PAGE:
How does the Obamacare law affect small business health insurance?
Published on October 03, 2017
Officially known as the Affordable Care Act, or the ACA, the Obamacare law affects small business owners in several ways.
- It has, in many cases, driven down the costs of employer coverage by changing the way premiums are calculated
- It can affect your taxes
- It may require larger employers to offer coverage to workers
Let’s look at each of these in more detail:
First, under Obamacare your health insurance premiums are no longer based on the health or pre-existing medical conditions of the people in your group.
In the old days, sick coworkers could result in increased premiums for everyone else, but small business health plans are generally no longer underwritten in the same way.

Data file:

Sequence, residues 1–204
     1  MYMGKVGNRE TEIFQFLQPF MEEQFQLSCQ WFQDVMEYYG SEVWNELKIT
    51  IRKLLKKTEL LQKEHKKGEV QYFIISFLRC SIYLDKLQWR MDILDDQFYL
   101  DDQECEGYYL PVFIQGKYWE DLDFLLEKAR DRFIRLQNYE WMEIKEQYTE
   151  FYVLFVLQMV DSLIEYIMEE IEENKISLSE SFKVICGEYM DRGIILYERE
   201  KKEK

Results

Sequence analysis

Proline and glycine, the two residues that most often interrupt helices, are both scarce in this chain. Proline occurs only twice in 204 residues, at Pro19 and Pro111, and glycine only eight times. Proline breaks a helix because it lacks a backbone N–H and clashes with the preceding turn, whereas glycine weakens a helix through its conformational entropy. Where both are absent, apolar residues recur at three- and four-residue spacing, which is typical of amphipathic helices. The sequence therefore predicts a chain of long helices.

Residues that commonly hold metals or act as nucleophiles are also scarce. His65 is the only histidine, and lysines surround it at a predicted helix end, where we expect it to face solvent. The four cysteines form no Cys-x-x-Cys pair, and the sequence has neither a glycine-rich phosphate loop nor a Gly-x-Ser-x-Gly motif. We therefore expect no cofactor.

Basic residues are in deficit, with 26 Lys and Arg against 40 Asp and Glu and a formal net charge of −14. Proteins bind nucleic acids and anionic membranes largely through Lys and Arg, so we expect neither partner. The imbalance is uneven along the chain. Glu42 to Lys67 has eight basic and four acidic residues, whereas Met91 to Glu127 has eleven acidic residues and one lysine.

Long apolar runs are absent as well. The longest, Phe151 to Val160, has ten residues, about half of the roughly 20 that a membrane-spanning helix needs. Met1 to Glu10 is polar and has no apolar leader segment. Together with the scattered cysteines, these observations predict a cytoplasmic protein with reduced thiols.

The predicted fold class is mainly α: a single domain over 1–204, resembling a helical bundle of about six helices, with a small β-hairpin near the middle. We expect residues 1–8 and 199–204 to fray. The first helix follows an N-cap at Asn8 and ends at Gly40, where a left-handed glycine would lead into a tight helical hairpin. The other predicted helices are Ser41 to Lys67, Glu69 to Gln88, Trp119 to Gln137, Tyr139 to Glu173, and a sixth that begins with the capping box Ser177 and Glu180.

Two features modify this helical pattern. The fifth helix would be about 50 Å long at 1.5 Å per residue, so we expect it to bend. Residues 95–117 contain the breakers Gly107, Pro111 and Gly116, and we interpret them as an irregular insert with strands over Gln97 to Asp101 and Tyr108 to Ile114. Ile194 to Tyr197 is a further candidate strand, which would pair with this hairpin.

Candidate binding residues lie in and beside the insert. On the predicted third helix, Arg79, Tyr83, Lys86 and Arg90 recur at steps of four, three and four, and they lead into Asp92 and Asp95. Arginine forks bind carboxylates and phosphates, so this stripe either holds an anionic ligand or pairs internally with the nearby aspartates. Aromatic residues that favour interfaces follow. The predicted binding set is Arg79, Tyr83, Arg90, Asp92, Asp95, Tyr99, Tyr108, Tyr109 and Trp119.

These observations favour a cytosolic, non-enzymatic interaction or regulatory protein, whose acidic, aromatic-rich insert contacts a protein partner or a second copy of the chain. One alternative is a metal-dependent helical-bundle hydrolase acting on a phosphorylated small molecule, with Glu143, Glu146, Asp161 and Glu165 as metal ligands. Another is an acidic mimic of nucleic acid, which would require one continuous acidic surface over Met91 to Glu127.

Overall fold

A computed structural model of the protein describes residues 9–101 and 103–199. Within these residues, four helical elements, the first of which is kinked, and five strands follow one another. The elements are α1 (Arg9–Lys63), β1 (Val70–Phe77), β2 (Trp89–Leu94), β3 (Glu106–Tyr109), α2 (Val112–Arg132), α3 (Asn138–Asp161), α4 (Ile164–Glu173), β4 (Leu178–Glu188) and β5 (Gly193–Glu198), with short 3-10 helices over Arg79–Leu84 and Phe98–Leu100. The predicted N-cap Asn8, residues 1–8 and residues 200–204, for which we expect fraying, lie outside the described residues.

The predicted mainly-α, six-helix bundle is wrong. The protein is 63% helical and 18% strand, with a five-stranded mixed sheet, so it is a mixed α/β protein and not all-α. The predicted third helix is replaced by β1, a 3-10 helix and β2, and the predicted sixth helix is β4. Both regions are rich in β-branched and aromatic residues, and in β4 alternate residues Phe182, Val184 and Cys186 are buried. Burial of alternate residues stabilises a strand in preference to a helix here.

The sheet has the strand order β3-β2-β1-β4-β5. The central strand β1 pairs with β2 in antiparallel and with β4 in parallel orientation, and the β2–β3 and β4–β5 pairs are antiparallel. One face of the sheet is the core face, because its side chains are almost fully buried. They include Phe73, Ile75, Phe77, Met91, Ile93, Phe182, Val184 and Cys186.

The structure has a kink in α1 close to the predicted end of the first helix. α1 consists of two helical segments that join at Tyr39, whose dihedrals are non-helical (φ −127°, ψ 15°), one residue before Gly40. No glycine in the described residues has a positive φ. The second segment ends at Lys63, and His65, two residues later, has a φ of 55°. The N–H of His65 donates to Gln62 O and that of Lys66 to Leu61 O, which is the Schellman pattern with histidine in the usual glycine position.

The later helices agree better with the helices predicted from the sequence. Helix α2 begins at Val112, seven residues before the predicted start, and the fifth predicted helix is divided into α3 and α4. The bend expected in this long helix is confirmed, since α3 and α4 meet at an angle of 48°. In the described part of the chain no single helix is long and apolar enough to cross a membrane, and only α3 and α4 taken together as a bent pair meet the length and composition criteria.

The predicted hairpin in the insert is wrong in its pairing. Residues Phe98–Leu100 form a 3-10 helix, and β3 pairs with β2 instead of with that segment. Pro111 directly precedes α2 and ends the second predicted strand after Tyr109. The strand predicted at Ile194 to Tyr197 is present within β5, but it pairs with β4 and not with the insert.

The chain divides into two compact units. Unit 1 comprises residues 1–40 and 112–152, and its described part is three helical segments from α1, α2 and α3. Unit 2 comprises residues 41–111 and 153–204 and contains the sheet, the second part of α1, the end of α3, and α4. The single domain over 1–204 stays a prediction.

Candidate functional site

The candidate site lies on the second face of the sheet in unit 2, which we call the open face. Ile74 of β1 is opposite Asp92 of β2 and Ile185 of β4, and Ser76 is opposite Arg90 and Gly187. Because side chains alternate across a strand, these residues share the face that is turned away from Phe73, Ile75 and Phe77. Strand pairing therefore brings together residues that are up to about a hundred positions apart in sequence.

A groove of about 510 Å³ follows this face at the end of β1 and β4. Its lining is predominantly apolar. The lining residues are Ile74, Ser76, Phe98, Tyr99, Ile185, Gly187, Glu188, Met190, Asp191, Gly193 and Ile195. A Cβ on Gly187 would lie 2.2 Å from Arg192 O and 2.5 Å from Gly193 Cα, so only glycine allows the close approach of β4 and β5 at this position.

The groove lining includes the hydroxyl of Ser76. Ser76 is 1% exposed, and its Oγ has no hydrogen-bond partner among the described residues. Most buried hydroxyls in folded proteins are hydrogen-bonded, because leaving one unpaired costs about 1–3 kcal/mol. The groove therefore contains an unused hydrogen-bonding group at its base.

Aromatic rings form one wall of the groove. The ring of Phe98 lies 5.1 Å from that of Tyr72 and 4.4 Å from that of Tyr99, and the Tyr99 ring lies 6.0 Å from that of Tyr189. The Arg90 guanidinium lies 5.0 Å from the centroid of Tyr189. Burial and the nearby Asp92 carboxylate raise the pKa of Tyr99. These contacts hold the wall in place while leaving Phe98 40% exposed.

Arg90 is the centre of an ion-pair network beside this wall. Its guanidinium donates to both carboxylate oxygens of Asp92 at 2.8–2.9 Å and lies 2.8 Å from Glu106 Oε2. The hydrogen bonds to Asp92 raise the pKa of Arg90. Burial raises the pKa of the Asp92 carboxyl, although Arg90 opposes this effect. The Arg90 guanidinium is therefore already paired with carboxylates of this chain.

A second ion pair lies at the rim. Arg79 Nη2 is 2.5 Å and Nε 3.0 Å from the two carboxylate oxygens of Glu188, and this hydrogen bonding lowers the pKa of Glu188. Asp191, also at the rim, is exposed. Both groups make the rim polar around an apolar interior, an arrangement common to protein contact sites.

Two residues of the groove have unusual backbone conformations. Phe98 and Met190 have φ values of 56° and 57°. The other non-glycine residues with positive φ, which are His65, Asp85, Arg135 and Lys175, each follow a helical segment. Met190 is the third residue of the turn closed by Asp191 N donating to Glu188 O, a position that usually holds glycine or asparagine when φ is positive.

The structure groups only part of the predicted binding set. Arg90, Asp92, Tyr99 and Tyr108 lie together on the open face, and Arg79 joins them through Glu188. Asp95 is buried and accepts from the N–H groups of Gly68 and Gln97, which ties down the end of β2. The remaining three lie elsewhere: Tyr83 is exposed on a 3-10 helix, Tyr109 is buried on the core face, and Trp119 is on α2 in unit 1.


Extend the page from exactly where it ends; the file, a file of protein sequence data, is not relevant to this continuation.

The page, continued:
Now, your costs are mostly based on the ages of your employees and the general health risks of people in your local community or region. This often results in lower premiums relative to self-purchased coverage.
Second, you could generally deduct monthly insurance premiums from your business’s taxes before Obamacare, but the Obamacare law also made special tax credits available to some businesses.
If you have fewer than 25 employees, ask your licensed agent about these credits when shopping for coverage.
Third, you should know that under Obamacare only businesses with fifty or more full-time workers (or the equivalent in part-time employees) are obliged to offer coverage or face a penalty.
That said, many small business owners still opt to sponsor an employer-based plan for themselves and their employees.
To learn more about your small business health insurance options today, visit eHealth.com.